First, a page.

• I have found that there is some noise somewhere, most likely from the onboard transformer. At low listening levels, this is not really a problem. However, as you turn things up really loud, the noise does creap in. Using metal film I/V resistors instead of Allen Bradleys helped reduce it a bit, but not as much as might be hoped. Also, the small Blackgate output caps are quieter than large film caps hanging underneith. My sense is that, unless space is a big concern, that one might to better using an Amveco 62001 transformer. This allows you to mount it off the board by soldering the leads to the pads provided for the 70001. This preserves the Baby Steps (tm) circuitry while reducing the noise induced by the transformer (just don't forbget to twist those leads.) You might even move up to a 62011 or 62021 as the larger VA rating might help out the sound a little.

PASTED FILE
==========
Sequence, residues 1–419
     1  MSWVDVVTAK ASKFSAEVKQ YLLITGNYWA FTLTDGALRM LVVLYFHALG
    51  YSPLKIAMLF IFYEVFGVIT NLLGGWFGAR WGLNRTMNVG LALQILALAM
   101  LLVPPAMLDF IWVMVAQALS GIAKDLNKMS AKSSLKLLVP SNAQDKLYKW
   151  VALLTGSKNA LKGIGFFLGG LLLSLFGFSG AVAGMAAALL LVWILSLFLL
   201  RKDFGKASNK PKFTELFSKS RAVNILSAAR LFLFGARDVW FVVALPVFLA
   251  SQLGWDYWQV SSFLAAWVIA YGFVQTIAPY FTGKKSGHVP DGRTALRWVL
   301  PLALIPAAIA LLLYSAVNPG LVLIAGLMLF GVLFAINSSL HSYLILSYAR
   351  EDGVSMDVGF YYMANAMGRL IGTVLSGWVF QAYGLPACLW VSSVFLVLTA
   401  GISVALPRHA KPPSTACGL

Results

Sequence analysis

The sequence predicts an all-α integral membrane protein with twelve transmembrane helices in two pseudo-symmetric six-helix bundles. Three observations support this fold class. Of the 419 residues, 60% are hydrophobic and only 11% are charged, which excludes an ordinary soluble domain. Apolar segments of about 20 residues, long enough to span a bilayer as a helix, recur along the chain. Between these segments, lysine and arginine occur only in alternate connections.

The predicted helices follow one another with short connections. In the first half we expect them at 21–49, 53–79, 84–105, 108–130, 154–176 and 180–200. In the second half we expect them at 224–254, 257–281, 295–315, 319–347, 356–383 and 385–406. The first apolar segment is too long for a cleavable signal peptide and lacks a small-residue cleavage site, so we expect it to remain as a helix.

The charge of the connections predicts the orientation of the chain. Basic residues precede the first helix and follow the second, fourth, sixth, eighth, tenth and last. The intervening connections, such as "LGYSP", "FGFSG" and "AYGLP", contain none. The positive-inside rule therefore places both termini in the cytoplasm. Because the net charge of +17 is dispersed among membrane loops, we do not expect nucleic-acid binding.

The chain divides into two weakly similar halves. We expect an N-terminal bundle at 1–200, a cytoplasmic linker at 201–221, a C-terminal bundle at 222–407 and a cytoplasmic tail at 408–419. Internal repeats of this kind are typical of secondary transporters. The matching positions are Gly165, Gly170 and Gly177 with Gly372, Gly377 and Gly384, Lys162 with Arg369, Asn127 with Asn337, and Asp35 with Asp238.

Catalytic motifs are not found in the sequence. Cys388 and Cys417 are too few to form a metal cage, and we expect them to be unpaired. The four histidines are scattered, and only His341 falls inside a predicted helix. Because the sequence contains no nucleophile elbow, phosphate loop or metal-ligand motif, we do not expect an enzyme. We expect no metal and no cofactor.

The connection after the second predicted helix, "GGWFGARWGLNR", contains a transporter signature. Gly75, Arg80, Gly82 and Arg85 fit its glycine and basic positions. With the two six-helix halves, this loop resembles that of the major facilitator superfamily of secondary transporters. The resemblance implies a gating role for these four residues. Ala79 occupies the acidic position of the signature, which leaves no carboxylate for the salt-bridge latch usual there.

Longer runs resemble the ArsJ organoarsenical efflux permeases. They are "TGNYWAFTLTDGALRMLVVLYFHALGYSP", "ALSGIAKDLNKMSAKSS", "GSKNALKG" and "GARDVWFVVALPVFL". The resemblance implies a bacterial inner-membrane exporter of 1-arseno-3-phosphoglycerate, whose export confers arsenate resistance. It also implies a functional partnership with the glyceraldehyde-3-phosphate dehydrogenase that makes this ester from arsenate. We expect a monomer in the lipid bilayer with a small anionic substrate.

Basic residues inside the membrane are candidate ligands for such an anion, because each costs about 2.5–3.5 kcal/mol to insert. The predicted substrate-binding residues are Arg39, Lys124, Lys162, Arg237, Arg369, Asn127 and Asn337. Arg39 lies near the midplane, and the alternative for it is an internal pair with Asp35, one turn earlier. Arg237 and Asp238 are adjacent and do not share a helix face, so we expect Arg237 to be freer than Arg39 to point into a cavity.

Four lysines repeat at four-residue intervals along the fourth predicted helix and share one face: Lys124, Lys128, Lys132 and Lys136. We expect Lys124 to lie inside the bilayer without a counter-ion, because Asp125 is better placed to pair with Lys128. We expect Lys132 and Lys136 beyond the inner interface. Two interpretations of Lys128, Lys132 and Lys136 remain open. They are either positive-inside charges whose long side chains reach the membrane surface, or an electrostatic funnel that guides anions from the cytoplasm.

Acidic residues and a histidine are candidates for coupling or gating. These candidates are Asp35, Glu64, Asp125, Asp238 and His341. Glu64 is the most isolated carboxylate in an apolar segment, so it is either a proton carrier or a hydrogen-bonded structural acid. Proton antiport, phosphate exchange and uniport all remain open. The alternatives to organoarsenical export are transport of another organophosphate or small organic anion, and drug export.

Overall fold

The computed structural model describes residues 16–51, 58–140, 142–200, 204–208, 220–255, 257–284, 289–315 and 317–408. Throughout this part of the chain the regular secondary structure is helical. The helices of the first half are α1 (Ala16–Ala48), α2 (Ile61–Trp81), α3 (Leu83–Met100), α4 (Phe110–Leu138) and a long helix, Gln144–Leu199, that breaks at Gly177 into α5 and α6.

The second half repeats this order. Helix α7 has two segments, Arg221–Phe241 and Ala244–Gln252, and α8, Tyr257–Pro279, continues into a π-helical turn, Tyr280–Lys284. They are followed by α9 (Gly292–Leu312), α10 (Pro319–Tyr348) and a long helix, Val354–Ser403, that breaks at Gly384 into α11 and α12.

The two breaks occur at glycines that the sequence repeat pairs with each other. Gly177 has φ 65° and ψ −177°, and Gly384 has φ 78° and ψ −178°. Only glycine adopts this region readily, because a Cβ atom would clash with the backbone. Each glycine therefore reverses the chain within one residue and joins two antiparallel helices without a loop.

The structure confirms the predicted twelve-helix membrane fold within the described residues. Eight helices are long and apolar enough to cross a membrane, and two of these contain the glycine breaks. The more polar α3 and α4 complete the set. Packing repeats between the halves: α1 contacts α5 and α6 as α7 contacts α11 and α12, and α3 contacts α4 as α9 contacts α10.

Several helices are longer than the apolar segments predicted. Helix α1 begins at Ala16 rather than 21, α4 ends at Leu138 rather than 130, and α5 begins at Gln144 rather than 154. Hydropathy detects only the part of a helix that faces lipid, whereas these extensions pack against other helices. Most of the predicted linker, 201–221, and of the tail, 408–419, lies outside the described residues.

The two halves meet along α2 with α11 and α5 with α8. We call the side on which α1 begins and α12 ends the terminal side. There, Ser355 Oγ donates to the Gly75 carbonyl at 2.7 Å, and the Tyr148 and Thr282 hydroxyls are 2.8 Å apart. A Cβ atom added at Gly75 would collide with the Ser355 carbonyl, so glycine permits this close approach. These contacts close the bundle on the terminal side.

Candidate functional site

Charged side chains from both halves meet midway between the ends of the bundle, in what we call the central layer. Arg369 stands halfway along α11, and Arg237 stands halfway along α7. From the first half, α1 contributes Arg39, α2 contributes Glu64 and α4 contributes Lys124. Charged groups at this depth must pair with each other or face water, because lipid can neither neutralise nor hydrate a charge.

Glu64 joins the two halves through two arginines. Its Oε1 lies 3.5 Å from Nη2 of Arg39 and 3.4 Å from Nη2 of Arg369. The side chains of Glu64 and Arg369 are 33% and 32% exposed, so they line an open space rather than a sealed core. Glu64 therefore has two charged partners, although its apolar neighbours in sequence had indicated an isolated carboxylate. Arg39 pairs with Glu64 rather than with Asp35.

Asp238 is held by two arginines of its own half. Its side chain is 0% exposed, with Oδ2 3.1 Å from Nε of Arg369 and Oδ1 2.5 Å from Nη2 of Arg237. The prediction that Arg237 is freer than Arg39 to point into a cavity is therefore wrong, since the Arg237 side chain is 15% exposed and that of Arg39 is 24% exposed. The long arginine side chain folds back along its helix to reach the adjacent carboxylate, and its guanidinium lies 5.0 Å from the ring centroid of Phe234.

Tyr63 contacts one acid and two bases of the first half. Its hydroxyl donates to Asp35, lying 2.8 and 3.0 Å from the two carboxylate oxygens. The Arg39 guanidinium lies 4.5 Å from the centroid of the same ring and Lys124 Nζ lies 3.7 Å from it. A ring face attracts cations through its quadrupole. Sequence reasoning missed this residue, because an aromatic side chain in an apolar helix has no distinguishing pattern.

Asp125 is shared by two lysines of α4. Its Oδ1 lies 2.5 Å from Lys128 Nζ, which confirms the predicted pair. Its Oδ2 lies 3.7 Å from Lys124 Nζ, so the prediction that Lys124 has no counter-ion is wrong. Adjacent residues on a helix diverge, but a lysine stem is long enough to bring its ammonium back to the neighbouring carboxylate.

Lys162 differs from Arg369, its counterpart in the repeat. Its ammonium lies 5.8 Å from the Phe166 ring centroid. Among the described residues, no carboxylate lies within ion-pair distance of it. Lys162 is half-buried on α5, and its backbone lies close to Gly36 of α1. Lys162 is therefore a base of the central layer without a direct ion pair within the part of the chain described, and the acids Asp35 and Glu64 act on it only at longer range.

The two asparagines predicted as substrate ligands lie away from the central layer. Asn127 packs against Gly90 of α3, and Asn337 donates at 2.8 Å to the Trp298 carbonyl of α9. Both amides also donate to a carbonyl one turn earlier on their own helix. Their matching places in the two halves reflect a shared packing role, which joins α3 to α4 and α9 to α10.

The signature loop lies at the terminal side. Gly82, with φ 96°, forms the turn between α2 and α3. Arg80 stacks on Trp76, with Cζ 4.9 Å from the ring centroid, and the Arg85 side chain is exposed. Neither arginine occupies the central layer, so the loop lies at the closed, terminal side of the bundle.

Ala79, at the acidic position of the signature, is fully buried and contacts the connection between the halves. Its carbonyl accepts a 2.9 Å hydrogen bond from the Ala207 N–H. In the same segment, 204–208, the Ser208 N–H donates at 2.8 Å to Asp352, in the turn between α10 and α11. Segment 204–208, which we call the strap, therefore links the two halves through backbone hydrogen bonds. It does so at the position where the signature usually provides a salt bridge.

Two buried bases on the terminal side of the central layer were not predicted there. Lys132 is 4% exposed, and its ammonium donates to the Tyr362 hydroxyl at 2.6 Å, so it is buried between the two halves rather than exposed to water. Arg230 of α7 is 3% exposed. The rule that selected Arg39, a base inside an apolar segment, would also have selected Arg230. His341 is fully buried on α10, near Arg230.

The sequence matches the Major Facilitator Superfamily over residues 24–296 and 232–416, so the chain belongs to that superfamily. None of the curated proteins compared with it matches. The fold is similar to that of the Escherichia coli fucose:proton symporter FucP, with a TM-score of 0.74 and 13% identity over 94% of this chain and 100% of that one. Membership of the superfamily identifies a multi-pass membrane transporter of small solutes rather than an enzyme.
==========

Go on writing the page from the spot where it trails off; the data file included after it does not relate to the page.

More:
• For informatrion on how to calculate the resistor values in the I/V, take a look at this post at
  • Other tips and tweaks for TDA1543 based DACs can be found here.

Parts List
Here is the parts list. I believe it to be complete and correct, but you should check it carefully. If you are in doubt which part goes where on the board, use the board file to check.
Position Part Type Part # Quantity Supplier
U1 USB Receiver PCM2707 (296-15276-5-ND) 1 DigiKey
U2 DAC Chip TDA1543 1 You can usually find these on ebay. Note that the TDA1543A does not work.
T1 Transformer 70001 (you might also want to try a 62001, 62011, or 62021 -- see the note above.) 1 DigiKey
L1 AC Filter Line Choke PLK1156-ND 1 DigiKey
D1, D2 Bridge Rectifier W01GDI-ND 2 DigiKey
C4, C5 Capacitor Electrolytic (1800uF/25V) P12382-ND 2 DigiKey
C6, C7 Capacitor Electrolytic (680uF/10V) P12365-ND 2 DigiKey
C8, C9, C10 Capacitor Film - MKP (0.1uF/63V) BC2054-ND 3 DigiKey
C11 Capacitor Film (0.1uF/63V) This is a polyester cap. The MKP used in C8-10 arguably sounds better (though probably not noticably,) but does not fit the board. You can use it instead, but it has to be mounted underneith. 495-1103-ND 1 DigiKey